If progress towards the projected 14.2% corn stocks-to-use ratio continues, it means that after enduring one last harvest time deflationary beating, corn prices will have finished bottoming out and start firming up, probably into the US$3.85/bushel to US$4.15/bushel range by late Q4. By that time, the approach of a below 15% stocks-to-use ratio will be enhanced by early Latin American growing season uncertainty. That could lift prices by up to 20% from the near US$3.51/bushel rate at the time of this article's publication.
But will corn take off into the sort of hyper-inflationary rally seen in 2007-08 and 2011-12? Even though corn's fundamentals are much stronger than many realize, that may not be the case this time.
On one hand, whereas closing world soybean inventories are 277% higher today (108,264 tonnes) than twenty years ago (28,700 tonnes), corn inventories are 17.9% lower in 2018-19 (157,000 tonnes) than in 1998-99 (191,000 tonnes). This is the case even though world meat consumption is much higher today than it was two decades ago.
Moreover, both the 2007-08 rally and the 2012-13 rally coincided with large drops in Chinese corn inventories. From their secular peak of approximately 111,000 tonnes in 2015-16, Chinese corn inventories will have fallen by 47%, to 58,500 tonnes by the end of 2018-19 next August 31.
From 2020 onwards, China's corn market liberalization and rising ethanol production are poised to make Chinese corn inventories fall into the same 35,000 tonnes to 45,000-tonne range that forced Beijing to enter the world corn market in the late 2000s.
On the other hand, the last two corn market rallies coincided with record soybean market rallies -but this time, these two commodities are out of sync. Both corn and soy inventories were at record high levels in 2015-16 -but whereas corn inventories have fallen by 31% over the last two years, those of soy increased another 11.9%, from 96.7 million to 108.2 million tonnes this year, breaking its old record in the process.
Soy inventories need to fall for at least two to three consecutive years to reach the 53 to 63 million tonne lows that powered beans' 2007-08 and 2012-13 rallies -but by next August, world corn inventories are on track to fall into the same 120 to 135 million tonne range last seen during the 2011-13 market rallies -but this time, the stocks-to-use ratio will be lower than it was back then.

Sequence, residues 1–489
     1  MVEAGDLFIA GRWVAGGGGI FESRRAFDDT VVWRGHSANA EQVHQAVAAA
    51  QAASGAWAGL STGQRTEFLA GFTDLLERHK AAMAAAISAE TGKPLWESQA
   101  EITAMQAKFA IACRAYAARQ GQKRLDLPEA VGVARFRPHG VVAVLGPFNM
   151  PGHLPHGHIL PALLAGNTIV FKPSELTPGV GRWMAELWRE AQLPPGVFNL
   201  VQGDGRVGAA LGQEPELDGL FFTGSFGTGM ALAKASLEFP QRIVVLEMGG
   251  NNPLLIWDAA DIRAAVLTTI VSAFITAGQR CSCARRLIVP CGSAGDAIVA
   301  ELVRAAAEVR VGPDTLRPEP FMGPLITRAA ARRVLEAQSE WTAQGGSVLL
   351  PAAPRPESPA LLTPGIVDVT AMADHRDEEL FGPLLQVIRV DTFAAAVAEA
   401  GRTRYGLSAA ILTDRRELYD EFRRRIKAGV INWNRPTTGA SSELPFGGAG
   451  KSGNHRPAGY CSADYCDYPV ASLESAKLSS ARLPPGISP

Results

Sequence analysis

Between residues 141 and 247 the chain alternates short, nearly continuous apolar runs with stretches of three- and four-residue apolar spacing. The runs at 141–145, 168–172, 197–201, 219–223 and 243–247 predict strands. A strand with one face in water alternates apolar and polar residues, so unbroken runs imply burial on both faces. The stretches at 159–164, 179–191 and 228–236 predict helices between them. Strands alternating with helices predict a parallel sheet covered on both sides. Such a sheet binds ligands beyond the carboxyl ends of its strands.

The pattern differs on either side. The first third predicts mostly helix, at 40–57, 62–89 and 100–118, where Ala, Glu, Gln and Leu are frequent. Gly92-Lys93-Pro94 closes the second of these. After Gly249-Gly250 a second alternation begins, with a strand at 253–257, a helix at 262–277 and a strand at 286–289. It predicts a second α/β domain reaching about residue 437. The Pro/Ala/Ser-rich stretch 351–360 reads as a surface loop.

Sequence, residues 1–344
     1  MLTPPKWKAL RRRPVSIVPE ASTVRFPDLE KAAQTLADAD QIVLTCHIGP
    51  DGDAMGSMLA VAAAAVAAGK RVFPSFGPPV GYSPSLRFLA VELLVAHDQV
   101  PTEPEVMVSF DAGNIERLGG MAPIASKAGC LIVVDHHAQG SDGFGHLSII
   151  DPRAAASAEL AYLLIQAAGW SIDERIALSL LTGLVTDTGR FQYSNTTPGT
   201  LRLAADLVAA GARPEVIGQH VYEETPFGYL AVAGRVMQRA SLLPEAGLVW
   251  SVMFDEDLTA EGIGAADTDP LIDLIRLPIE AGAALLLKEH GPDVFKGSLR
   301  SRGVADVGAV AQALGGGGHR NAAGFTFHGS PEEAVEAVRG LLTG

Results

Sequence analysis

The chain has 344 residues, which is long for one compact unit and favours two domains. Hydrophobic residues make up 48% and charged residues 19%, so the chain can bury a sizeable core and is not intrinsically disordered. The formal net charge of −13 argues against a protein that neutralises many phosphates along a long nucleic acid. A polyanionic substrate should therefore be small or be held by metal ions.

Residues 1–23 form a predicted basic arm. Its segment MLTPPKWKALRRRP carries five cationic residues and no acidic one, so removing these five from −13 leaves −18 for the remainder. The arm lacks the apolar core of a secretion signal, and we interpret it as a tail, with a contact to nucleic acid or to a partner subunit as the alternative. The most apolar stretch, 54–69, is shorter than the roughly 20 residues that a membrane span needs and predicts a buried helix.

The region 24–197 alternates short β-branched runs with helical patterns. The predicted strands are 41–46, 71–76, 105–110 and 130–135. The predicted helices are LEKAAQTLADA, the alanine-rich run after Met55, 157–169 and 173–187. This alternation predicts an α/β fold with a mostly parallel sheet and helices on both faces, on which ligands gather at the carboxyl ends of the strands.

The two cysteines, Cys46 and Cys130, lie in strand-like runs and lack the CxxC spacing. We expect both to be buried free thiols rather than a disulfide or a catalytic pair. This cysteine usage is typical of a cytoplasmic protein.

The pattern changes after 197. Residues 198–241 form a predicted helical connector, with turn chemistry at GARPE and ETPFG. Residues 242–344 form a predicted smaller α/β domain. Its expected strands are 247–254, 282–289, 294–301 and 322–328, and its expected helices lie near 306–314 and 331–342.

All this points to strong corn markets starting in 2019 but weak soybean markets into at least 2021 -and the strongest market rallies almost always happen when both grains and oilseeds are in simultaneously in short supply.
Furthermore, much like soy, world wheat stocks refuse to fall. At 261 million tonnes, they will close 2018-19 104% higher than they did in 2007-08 and 31% higher than they did during the stronger 2011-13 when feed wheat was frequently substituted in place of corn.
This means that even if China's import tax on US discourages Latin farmers from growing enough corn and a drought follows, corn will rally abut abundant feed wheat supplies will cap its potential for setting price records, as will the deflationary sentiment that still haunts soybean markets.
From the perspective of September 2018, it would be difficult to lose money if you bought corn today and held on to it until 2019. Prices will soon firm up, possibly even rise above US$4.00/bushel. Thereafter, with China encouraging Brazilian farms to grow too much soy (and not enough corn), an unfavorable US growing season could kick corn as high as US$6.00/bushel –but with oilseeds stuck in deflation and feed wheat supplies on the horizon, it will not be setting new price records the way it did in the two previous rallies.